Poetry / Vandana Khanna
:: Reconciliation ::
I. He doesn’t want her when she’s just a goddess practicing— all fake and pious and pink. Likes her better as a single girl swearing in the old language of dust and mud and stars. He wants to feel like a god again utter prayers that make his skin glow the cool blue of neon like the sagging sign proclaiming Karma above the sad-sap door of the bar—like all the doors slammed shut at the end of the world. He can feel the glare of the evil eye black on the back of his neck every time she speaks, forgets how to protect against it: was it salt or chilies or mustard seeds? But really, how to prevent that bitter bud of guilt from blooming? Another thing he lost in this incarnation. II. He didn’t believe her that nothing happened with that other guy, the one whose name means crying, the one with the ten heads and not a pretty one in the bunch. That monster who tried to touch the black gasp of her hair, sniffing the air behind her ear looking for that bit of her caught on the wind: saffron and cinnamon— her smell its own particular sin. III. He knows his doubt covers them like unforgiving ash, how awful the dirty itch of it between their fingers. Nothing sacred about a fire catching quick and ugly. All this because she thought him essential. Because she followed him into that jungle. Fourteen years: bored and bruised, how the animals loved her less and less. She’d tried— left clean sheets for him, someone who rubbed coconut oil into her scalp every morning. Did he love her then? He can’t recall. Only, when he pulled at the tight knots of her wrists, led them into an ancient meadow made wild with onion, all their sour history dulled. Their hands, plucked blooms, arms pricked by thorns. He felt the sharp ache of the cosmos expanding with its chant and pulse, its stagger and stagger.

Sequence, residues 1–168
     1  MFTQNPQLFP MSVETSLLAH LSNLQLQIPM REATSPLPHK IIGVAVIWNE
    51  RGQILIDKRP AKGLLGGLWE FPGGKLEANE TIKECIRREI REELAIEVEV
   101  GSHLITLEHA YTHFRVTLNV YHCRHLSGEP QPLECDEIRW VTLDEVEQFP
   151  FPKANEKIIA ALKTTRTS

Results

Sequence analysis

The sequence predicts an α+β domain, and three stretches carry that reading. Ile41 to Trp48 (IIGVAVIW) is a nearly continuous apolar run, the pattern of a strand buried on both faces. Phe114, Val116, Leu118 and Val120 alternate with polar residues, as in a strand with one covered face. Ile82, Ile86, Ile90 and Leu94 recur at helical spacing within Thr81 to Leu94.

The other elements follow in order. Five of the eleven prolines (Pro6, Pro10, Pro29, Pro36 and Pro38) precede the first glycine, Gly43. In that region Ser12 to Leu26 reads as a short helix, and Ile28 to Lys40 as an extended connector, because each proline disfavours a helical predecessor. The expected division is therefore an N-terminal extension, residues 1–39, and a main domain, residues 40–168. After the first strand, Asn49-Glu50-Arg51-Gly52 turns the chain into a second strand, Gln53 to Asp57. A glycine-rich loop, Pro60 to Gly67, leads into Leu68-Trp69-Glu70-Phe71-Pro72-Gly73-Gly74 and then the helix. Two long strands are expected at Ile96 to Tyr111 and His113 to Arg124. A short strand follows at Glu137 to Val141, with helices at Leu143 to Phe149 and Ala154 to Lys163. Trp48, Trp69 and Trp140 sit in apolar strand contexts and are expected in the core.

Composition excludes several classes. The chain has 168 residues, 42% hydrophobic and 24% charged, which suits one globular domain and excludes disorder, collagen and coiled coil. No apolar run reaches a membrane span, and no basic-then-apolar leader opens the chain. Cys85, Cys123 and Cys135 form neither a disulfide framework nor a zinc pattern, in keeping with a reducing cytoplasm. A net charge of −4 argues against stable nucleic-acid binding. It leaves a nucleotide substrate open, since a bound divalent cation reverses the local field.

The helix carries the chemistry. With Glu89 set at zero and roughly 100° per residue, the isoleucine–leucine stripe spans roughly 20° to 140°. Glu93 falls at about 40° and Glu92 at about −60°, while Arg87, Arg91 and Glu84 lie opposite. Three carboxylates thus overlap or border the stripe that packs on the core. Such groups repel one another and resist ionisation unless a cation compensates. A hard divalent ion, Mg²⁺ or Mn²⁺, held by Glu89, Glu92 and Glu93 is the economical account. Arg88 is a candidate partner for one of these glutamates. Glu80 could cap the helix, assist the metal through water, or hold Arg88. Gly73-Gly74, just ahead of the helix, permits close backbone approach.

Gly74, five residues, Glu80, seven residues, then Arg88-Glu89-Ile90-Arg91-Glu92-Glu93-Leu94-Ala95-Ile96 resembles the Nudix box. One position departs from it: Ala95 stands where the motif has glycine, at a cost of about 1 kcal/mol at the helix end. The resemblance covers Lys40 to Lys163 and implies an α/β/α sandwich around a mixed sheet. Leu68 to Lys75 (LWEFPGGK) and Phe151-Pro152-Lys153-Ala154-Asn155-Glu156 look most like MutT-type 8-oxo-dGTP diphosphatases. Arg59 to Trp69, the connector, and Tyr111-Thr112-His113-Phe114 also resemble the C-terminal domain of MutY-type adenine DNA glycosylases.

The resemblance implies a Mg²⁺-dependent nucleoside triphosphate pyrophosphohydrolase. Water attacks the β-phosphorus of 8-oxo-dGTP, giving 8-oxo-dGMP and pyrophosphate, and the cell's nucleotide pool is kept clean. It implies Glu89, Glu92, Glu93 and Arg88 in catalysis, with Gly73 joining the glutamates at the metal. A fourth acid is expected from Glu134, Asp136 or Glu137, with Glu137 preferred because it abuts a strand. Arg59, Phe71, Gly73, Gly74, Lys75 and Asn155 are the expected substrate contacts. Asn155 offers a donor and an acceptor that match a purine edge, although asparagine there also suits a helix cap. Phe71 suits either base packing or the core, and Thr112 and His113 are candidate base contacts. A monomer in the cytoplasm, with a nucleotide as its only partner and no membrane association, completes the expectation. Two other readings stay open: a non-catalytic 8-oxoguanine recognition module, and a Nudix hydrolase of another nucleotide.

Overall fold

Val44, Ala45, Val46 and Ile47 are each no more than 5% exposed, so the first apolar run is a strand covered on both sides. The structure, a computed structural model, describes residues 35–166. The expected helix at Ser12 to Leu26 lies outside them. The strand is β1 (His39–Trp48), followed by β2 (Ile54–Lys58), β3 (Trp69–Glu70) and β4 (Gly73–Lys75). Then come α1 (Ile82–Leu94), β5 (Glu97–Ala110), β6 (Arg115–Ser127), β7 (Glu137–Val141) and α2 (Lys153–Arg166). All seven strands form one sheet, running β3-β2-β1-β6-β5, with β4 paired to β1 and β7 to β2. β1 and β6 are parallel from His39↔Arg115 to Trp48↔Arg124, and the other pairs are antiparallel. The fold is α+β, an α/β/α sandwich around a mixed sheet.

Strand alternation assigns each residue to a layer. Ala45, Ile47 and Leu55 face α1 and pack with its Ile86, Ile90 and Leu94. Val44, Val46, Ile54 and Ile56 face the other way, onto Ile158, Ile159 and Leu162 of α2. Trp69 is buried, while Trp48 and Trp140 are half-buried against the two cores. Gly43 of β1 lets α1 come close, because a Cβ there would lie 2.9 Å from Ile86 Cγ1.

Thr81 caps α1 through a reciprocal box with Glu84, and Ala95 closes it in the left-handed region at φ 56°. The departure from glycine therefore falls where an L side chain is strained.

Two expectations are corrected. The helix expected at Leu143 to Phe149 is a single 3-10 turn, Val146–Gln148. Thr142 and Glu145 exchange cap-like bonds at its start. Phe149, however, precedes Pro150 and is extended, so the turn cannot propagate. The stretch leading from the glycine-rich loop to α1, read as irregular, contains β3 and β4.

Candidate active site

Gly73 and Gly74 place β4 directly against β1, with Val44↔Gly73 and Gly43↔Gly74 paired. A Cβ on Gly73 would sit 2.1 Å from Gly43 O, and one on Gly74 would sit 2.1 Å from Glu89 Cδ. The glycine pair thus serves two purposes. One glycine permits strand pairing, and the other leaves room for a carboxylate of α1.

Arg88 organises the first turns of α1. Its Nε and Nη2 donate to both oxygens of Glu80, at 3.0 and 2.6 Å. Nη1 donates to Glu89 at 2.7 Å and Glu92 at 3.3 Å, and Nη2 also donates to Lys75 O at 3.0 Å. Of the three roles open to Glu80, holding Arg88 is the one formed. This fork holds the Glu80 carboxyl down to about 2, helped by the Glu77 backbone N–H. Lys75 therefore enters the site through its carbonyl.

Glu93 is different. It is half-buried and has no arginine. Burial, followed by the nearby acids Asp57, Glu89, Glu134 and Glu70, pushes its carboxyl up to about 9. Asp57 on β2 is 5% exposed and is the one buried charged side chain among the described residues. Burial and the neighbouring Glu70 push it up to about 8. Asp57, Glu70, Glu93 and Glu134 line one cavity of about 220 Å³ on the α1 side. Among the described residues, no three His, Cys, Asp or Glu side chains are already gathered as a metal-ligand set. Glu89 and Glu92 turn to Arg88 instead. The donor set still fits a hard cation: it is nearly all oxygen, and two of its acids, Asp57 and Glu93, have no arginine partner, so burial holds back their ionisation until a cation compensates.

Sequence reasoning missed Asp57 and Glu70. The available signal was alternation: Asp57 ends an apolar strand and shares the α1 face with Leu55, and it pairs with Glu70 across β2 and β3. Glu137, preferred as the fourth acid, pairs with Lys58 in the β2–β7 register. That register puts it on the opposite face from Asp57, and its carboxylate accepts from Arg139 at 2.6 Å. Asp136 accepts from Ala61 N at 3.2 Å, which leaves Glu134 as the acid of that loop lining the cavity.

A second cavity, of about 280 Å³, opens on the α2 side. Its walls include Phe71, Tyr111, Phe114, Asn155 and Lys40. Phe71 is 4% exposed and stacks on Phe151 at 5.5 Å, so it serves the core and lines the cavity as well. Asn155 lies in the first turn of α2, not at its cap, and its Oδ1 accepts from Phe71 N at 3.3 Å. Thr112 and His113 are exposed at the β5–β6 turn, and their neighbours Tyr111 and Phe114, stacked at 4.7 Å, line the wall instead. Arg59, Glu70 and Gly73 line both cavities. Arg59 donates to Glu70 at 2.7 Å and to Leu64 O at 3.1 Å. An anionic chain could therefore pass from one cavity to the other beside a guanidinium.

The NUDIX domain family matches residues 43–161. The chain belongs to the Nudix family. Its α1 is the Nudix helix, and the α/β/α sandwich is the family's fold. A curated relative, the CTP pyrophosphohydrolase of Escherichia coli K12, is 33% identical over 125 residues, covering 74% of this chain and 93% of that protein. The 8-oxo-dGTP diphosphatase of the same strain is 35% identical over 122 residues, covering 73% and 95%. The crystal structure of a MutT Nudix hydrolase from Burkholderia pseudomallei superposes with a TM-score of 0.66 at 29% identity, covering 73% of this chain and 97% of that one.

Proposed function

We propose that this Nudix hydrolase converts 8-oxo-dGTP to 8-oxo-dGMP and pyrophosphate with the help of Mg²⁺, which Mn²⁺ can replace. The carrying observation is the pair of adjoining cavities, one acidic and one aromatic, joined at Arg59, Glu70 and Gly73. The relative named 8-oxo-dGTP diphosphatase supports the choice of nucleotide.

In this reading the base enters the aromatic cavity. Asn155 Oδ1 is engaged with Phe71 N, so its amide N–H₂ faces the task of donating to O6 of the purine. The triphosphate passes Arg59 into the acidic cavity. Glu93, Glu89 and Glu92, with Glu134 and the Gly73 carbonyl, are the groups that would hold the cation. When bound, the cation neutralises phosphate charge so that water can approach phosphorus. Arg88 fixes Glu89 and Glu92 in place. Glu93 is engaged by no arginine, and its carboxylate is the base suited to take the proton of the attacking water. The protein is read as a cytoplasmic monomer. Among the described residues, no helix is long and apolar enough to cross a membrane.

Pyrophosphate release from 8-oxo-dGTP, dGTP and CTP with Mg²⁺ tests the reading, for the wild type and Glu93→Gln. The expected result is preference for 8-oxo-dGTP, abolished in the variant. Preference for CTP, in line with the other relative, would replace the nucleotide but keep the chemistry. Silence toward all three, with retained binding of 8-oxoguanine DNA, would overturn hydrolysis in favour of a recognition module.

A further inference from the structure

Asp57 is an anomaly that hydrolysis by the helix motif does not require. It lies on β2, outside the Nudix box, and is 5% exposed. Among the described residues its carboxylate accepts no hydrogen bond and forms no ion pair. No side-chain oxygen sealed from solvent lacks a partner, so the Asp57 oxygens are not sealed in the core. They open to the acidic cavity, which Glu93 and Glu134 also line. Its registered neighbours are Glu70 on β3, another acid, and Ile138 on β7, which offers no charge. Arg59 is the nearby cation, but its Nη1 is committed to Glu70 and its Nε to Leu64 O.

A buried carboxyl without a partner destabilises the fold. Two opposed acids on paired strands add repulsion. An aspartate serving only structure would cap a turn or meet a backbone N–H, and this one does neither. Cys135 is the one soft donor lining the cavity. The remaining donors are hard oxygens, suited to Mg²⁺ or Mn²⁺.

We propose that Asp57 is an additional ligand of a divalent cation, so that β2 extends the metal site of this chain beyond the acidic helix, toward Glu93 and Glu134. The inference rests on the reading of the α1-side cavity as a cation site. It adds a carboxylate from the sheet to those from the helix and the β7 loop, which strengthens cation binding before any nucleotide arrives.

From the writer
:: Account ::
This poem is part of a manuscript I’ve been working on in the voices of Hindu goddesses where they re-imagine the iconic myths in which they appear and revise the ways in which we view them as wives, mothers, and women. This particular poem is a departure, of sorts, as it’s in the voice of the god Ram. He reveals his motivations and thought processes (perhaps) for acting deplorably towards his wife, Sita, who has returned to him after being kidnapped. Ram has a hard time believing in Sita’s purity and thus makes her pass a “test” of walking through fire. Here, he reflects upon what brought them together and what, ultimately, pulls them apart.
Vandana Khanna was born in New Delhi, India, and is the author of two full-length collections: Train to Agra (Crab Orchard Series in Poetry, 2001) and Afternoon Masala (University of Arkansas Press, 2014), as well as the chapbook, The Goddess Monologues (Diode Editions, 2016). Her poems have won the Crab Orchard Review First Book Prize, The Miller Williams Arkansas Poetry Prize, the Diode Editions Chapbook Competition, and the Elinor Benedict Poetry Prize. Her work has been published widely in journals and anthologies such as the New England Review, The Missouri Review, Raising Lilly Ledbetter: Women Poets Occupy the Workspace, Asian American Poetry: The Next Generation, and Indivisible: An Anthology of Contemporary South Asian American Poetry. She serves as the co-poetry editor of the Los Angeles Review.